It seems likely that the first thing that anyone reviewing these highlights is likely to notice is that essentially every measure of financial performance showed marked improvement compared to the third quarter of 2019. This is quite different from what some of the company’s peers, such as GasLog, reported. One of the reasons for this is that the liquefied natural gas shipping market was substantially stronger in the fourth quarter than it was in the previous one. This is certainly not what readers might expect when we consider that China experienced both a warm winter and a slowing economy so it has amassed something of an oversupply of natural gas. This actually worked in the industry’s favor, however. This is because liquefied natural gas producers continued to produce and ship their product in accordance with their contracts but in some cases the vessels were not able to unload their cargoes at the destination point; so fully loaded tankers were essentially idling off of the Chinese and South Korean coasts. This actually resulted in a shortage of tankers in the market. In fact, Golar LNG Partners (GMLP), Golar LNG’s dropdown master limited partnership, noted that there were times when its Golar Maria steam-powered tanker was the only tanker available in the market. The basic economic law of supply and demand tells us that this will push up the spot day rate for tankers and we did indeed see this reflected in the company’s results. In the fourth quarter, Golar LNG achieved a time charter equivalent (a measure of average daily revenue allowing the comparison of performance between periods despite changes in the mix of charter type) of $77,000 across its fleet compared to $35,000 in the third quarter. This naturally boosted the company’s revenue. All else being equal, this means that more money was available to move down to cash flow and net income.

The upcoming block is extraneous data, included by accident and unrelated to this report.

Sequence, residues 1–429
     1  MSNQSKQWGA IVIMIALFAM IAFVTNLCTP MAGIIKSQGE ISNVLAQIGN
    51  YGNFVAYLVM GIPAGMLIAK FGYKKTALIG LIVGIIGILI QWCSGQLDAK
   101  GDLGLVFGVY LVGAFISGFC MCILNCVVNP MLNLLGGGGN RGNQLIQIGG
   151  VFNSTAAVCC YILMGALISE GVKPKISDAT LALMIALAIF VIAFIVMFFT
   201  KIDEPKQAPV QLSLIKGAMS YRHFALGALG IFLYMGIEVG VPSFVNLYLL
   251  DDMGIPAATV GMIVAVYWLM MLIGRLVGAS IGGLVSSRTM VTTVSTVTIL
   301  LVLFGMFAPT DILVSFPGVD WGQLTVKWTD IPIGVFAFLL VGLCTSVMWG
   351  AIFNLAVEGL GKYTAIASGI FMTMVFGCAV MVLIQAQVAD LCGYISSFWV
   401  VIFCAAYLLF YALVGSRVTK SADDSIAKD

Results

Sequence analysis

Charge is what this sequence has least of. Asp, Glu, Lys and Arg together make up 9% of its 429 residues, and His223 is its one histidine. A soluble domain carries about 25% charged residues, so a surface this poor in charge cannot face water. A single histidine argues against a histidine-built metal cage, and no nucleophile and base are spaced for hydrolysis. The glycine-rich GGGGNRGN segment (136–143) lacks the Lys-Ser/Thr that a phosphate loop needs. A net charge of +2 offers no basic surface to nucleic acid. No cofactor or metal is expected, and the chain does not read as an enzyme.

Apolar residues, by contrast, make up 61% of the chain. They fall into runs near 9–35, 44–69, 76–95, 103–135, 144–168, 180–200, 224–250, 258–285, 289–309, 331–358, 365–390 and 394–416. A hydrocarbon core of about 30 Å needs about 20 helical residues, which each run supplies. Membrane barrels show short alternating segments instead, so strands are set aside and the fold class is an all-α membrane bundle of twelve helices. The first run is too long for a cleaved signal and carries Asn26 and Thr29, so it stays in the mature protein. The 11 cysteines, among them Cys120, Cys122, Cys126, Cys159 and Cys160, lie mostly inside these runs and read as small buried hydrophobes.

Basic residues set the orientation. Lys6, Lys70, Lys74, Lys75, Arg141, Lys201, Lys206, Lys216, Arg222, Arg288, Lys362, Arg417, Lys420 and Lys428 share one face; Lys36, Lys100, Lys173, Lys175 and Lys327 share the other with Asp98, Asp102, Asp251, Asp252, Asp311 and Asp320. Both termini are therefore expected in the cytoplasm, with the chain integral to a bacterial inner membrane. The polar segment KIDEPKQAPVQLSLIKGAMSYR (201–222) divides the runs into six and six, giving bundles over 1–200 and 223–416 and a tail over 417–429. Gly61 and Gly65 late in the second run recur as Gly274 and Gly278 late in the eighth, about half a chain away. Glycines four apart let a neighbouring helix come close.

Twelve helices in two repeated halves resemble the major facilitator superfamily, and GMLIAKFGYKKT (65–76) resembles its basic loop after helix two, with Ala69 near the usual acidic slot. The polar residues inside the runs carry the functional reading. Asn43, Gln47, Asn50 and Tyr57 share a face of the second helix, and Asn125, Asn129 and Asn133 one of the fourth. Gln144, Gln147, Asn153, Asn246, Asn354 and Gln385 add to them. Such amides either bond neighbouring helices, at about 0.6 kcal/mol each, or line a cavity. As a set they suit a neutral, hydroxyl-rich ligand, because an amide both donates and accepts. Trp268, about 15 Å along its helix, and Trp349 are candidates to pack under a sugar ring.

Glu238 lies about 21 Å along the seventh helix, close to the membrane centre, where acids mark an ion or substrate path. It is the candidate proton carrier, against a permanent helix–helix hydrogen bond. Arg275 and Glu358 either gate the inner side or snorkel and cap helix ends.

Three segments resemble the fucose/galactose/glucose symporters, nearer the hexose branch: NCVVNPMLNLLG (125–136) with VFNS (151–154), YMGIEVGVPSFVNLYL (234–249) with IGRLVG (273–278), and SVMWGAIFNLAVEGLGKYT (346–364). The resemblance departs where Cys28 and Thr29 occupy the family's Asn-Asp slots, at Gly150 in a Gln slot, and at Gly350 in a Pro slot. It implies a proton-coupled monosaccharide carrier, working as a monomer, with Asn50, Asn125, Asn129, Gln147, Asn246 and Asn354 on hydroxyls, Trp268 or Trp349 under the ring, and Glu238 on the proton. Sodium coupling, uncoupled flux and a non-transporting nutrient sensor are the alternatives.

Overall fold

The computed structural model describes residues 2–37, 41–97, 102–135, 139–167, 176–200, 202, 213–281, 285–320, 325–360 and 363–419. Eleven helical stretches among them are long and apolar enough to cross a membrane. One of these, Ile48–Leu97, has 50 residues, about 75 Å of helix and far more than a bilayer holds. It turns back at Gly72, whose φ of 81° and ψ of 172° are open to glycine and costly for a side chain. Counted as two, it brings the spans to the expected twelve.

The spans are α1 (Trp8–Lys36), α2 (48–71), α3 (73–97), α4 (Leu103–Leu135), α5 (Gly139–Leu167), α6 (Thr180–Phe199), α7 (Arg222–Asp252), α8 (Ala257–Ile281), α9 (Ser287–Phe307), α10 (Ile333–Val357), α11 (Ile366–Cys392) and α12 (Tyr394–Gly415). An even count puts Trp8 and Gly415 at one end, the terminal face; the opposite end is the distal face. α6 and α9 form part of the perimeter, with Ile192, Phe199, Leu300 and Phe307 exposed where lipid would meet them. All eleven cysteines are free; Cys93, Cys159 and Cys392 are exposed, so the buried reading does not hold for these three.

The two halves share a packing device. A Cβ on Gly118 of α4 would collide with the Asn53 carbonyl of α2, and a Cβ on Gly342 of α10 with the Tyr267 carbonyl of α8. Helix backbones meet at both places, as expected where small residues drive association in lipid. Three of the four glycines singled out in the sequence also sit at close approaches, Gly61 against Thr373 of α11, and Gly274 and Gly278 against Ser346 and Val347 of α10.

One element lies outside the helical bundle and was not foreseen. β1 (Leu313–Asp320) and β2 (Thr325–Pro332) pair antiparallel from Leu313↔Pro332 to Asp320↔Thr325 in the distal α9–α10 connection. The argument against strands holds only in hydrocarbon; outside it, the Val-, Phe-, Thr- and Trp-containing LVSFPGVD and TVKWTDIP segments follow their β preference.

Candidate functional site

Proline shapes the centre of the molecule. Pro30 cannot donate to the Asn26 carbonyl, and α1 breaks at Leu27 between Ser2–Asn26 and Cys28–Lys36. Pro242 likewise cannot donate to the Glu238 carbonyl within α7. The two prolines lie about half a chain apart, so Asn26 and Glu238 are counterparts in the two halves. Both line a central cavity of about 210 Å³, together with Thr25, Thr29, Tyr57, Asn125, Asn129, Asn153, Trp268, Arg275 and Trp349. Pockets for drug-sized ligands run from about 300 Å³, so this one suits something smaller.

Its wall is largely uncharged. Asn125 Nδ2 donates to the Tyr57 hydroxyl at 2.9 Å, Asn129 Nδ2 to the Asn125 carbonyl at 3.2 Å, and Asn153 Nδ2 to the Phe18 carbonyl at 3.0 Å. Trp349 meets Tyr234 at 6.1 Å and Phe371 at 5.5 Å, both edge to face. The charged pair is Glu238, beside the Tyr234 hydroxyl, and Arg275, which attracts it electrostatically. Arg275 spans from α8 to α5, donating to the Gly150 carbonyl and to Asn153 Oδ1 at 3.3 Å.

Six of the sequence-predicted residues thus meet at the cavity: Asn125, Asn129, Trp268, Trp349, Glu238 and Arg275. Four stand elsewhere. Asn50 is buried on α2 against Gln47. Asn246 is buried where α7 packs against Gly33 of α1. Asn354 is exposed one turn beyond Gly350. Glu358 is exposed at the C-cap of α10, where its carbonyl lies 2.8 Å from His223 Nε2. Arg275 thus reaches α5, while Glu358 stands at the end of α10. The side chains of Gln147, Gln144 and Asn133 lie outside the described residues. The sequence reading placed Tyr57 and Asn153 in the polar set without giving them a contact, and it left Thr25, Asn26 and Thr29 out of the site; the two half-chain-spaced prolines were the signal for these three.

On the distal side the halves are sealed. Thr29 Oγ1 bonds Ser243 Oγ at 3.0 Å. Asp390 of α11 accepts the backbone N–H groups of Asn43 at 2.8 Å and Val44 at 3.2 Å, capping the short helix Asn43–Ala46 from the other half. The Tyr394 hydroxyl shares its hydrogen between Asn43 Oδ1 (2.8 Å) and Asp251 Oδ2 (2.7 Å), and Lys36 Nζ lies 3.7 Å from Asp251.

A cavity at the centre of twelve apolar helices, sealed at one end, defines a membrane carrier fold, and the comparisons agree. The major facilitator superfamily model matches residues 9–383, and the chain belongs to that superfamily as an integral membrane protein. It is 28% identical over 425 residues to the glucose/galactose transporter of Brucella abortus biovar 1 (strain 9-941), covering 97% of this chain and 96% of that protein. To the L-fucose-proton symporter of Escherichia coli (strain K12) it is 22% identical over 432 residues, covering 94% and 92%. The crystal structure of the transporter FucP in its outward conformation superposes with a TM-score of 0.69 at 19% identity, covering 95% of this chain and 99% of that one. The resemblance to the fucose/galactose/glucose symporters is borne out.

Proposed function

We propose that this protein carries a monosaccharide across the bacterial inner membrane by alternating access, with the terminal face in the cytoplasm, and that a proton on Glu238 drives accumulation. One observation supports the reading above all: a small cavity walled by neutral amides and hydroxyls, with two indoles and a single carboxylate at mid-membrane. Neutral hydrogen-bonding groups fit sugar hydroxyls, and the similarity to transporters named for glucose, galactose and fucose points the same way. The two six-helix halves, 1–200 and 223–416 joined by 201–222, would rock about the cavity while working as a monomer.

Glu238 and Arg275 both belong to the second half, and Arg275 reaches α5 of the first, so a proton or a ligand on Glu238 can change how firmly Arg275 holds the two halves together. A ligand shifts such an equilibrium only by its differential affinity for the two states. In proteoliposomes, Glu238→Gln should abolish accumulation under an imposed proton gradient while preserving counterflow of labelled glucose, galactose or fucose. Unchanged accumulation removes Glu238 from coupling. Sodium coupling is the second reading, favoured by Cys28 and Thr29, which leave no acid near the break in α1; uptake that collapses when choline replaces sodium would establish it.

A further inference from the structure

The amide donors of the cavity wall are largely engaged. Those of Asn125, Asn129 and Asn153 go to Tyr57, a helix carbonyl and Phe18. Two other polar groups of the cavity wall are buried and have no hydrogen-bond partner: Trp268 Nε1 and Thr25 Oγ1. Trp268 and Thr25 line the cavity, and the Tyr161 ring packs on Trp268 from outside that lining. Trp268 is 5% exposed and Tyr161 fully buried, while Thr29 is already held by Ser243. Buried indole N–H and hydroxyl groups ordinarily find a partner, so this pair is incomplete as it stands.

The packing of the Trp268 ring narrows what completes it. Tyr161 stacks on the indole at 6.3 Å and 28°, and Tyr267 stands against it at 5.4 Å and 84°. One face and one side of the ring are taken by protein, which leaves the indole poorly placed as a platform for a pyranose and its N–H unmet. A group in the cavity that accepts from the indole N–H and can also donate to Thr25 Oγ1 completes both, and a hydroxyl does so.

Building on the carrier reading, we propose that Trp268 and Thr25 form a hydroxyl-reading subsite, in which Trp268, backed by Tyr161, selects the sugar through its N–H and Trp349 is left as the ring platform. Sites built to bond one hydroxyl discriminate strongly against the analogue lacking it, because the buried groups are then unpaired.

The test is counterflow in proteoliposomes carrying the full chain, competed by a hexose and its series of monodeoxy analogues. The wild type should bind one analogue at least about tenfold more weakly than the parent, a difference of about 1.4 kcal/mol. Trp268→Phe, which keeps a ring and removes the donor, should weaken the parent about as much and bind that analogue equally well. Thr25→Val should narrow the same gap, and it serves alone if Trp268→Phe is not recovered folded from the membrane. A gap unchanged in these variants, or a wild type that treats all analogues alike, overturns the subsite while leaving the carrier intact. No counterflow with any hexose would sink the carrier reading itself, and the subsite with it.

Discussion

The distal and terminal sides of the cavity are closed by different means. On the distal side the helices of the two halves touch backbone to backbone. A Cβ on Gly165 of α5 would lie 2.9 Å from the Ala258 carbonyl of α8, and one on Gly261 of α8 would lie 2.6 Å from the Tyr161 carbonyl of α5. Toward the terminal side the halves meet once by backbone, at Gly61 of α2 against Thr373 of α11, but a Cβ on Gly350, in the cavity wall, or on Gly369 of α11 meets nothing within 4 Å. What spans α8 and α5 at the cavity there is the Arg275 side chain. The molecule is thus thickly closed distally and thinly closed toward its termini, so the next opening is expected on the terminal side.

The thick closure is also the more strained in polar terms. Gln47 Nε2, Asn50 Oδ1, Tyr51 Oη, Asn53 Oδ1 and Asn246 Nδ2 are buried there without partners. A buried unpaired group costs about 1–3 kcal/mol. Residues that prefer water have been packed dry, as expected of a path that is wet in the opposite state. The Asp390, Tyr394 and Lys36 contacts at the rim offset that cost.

In various previous articles, I have discussed how the total global supply of liquefied natural gas has been increasing. In fact, during 2019, a record amount of production capacity received the green light from various corporate managers. This, combined with a warm winter and a slowing Chinese industrial sector, has had a negative impact on liquefied natural gas prices. This is unlikely to be a surprise to anyone. This may actually work to Golar LNG’s advantage though. This is due to the company’s Golar Power division, which is constructing the Porto de Sergipe I power plant in conjunction with EBRASIL (a major Brazilian utility) in Barra dos Coqueiros, Brazil. This plant has a total designed output of 1.5 gigawatts and will be powered by natural gas. The actual plan is that the plant will import liquefied natural gas from Qatar Petroleum and Exxon Mobil (XOM), which will be stored in a floating storage and regasification unit supplied by Golar LNG. As the power plant will be paying for the liquefied natural gas, its profits and by extension Golar Power’s will increase as the price of liquefied natural gas declines. We can clearly see this here: